Racing the clock for a new kidney

Racing the clock for a new kidney

A retired educator, on dialysis for 11 hours a day, seeks a transplant from a healthy donor

BRATTLEBORO — Casey Bozetarnik, retired from a long career as a teacher, guidance counselor, and principal, describes himself as a man who loves “working with kids who have emotional and behavioral issues, or when they are just like a round peg in a square hole.”

And now he and his wife, Pat, are reaching back to generations of the families he touched in his education career, hoping to find a volunteer candidate to match him with a healthy kidney.

Last October's diagnosis gave the Bozetarniks an explanation for the constant medical issues that plagued Casey since the beginning of his retirement in 2015.

“I wasn't feeling well, and I came down with shingles,” Casey said.

The shingles were followed by intermittent loss of eyesight. A specialist told him that he could cure his eye problems by controlling his blood pressure, which worked for a short amount of time.

His doctor “didn't like the looks of my last blood test” and referred him to a kidney specialist in Keene.

“Turns out, my kidney numbers were way off,” Casey explained.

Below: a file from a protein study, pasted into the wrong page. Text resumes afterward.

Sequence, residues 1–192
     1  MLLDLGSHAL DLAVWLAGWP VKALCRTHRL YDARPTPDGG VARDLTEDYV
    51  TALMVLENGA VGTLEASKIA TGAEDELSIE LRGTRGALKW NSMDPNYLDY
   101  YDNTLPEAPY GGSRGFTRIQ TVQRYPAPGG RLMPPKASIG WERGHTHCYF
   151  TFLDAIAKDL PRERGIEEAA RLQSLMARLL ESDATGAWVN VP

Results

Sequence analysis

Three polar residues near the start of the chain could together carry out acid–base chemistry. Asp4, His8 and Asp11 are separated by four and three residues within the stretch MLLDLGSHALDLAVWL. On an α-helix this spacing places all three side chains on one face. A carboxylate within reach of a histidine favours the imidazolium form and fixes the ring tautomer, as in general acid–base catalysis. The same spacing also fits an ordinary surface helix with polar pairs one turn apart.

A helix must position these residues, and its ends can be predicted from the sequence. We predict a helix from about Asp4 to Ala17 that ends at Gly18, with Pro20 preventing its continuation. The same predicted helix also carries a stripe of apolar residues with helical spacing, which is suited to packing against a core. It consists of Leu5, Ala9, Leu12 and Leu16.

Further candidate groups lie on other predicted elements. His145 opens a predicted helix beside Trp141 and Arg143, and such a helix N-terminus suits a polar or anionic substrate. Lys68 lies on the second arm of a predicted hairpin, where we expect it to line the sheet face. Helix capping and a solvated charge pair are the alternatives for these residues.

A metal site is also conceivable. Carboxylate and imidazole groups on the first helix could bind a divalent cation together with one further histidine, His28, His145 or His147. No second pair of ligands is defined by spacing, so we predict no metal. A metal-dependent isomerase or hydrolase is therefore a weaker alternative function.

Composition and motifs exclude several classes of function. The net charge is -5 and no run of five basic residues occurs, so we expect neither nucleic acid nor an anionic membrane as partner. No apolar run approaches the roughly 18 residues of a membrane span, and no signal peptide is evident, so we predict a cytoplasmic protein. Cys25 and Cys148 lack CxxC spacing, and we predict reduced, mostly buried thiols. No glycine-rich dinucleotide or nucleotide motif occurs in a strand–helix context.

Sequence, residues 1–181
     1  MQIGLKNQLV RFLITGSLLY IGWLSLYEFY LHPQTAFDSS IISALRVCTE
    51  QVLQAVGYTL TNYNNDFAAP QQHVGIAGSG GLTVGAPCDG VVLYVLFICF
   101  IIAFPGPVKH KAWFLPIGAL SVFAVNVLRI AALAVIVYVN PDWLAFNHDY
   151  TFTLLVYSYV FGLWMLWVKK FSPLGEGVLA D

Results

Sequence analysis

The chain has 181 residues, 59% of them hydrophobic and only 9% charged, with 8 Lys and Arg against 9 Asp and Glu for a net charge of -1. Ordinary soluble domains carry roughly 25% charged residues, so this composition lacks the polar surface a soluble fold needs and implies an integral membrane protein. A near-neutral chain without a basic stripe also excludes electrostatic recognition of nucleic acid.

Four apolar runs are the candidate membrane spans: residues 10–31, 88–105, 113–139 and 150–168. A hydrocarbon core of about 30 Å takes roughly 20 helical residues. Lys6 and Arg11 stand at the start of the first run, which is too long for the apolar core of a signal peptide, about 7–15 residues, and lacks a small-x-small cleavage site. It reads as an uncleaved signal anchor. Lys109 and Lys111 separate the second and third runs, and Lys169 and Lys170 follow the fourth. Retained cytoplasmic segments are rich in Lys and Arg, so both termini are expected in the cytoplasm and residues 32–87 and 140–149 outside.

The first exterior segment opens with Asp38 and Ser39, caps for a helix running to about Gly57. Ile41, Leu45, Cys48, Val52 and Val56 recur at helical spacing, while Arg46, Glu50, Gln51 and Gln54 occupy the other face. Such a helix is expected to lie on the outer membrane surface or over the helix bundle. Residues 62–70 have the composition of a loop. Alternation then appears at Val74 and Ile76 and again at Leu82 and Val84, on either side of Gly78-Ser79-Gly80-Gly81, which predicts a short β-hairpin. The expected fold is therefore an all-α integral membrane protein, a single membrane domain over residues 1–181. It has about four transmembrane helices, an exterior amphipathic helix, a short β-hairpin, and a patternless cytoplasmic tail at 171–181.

But every answer yielded more questions. How do you go about getting a kidney? What can you do in the meantime? How long will it take to get one?

Tethered to a machine

Right away, Pat Bozetarnik got in touch with the transplant team at Dartmouth Hitchcock Medical Center in Hanover, N.H., and discovered the only way to circumvent the five-to-seven-year waitlist for a kidney from a deceased donor.

She learned that the alternative - getting a kidney from a live donor - also offers the best outcome for transplant because “kidneys begin functioning within hours, while from a deceased donor the kidney may take up to a month to start working,” she said.

However, for a kidney transplant to occur, both the receiver and donor must be healthy.

The Bozetarniks first looked to relatives and close friends, but “all of my siblings and all my friends are too sick,” Casey said.

So, from then on, they decided to reach out everywhere to everyone they could think of - including Facebook.